A Diagnostics & Imaging Week
The FDA reported that Dr. Larry Kessler, a senior FDA scientist and manager, will chair the Global Harmonization Task Force (GHTF) for the next 18 months.
Kessler, director of the Office of Science and Engineering Laboratories (OSEL) in the FDA’s Center for Devices and Radiological Health, assumed the chair of the forum of medical device regulators and trade associations on Dec, 22.
“We’re very proud of the opportunity for HHS/FDA to chair this initiative for the next 18 months,” said Andrew von Eschenbach, MD, commissioner of the FDA, saying that the global initiative to help harmonize medical device regulatory practices will help drive “further technological progress in the medical device industry.”
GHTF is a voluntary group of representatives of national medical device regulatory authorities and trade associations of medical device manufacturers. The founding members came from the U.S., Europe, Canada, Japan and Australia. It describes its goals as: advancing the safety, effectiveness, performance and quality of medical devices; encouraging technological innovation; fostering international trade; and serving as a forum for exchange of information that can be of help to countries that are developing their own regulatory systems. Since its founding in 1992, GHTF has promoted the convergence of global regulatory practices by issuing almost 40 harmonized guidances, now followed by many countries.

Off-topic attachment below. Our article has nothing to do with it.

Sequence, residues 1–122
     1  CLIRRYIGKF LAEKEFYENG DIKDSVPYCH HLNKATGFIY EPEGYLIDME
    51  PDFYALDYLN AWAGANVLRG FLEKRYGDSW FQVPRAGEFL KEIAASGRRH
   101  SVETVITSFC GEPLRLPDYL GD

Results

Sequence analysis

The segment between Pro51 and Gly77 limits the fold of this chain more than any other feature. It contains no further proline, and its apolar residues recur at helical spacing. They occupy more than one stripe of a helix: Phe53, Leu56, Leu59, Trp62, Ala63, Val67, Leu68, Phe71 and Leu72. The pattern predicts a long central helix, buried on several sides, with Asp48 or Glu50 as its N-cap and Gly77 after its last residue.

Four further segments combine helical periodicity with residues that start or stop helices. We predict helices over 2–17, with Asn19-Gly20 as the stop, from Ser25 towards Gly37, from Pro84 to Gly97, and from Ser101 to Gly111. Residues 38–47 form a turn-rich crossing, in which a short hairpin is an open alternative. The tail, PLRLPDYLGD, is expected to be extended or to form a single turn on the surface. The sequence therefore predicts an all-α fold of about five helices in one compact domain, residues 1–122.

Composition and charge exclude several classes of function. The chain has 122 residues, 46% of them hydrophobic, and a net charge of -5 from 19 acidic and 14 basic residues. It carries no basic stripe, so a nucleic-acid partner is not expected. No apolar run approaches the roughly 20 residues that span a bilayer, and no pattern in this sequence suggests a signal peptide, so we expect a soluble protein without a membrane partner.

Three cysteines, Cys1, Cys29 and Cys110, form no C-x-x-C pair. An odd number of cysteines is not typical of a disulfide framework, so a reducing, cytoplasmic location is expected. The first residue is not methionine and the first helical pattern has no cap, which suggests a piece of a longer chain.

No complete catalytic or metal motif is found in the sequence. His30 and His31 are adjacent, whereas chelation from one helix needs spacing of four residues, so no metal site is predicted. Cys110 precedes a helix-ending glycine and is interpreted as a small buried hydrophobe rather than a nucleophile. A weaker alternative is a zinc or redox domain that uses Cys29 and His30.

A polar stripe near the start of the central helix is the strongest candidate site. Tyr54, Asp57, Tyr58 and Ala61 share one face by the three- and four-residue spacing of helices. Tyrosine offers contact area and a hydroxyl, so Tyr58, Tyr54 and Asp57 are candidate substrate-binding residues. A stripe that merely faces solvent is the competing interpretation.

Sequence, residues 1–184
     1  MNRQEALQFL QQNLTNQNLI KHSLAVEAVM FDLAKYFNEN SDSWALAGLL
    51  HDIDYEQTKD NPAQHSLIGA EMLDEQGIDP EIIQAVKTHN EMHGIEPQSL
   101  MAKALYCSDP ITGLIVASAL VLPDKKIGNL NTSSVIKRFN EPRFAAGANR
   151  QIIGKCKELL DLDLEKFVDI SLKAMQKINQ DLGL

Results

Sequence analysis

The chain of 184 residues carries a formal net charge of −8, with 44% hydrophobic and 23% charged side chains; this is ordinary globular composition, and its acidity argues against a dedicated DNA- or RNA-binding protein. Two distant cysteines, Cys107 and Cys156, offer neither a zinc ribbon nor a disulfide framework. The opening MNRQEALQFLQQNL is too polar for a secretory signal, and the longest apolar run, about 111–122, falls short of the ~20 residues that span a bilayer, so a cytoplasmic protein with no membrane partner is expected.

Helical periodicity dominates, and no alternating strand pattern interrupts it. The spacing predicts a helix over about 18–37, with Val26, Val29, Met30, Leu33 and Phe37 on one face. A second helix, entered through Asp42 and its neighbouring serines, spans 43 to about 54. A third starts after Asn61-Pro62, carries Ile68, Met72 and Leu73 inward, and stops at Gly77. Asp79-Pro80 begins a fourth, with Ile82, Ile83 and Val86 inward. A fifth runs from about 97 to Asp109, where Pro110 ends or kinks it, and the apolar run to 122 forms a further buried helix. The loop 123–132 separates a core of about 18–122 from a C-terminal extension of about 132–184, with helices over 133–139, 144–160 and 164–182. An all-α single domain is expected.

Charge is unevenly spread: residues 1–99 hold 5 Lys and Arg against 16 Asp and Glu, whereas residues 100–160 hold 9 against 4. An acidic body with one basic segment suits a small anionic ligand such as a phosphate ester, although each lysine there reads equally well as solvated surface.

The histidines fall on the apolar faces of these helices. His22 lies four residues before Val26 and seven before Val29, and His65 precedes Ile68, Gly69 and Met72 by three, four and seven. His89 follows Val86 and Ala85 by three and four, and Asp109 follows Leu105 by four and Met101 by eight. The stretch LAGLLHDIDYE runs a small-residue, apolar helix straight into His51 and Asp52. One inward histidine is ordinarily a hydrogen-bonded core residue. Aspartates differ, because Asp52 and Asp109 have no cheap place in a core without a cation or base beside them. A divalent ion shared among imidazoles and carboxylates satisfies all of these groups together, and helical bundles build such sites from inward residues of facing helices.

Kessler has contributed to these accomplishments as the chair in 1996-2001 of a GHTF Study Group that reviewed the programs for the post-marketing surveillance of medical devices in the founding countries, and which established a mechanism for regulators to exchange significant post-market device information about adverse events, called the National Competent Authority Reporting program.
This Study Group also set a standard for a unified, world-wide system of reporting adverse events associated with medical devices by producing major documents on what defines an adverse event, and what, when and how to report it.
Kessler joined FDA in 1995 after a decade with the National Cancer Institute, part of the National Institutes of Health, where he served for nine years as the chief of the Applied Research Branch.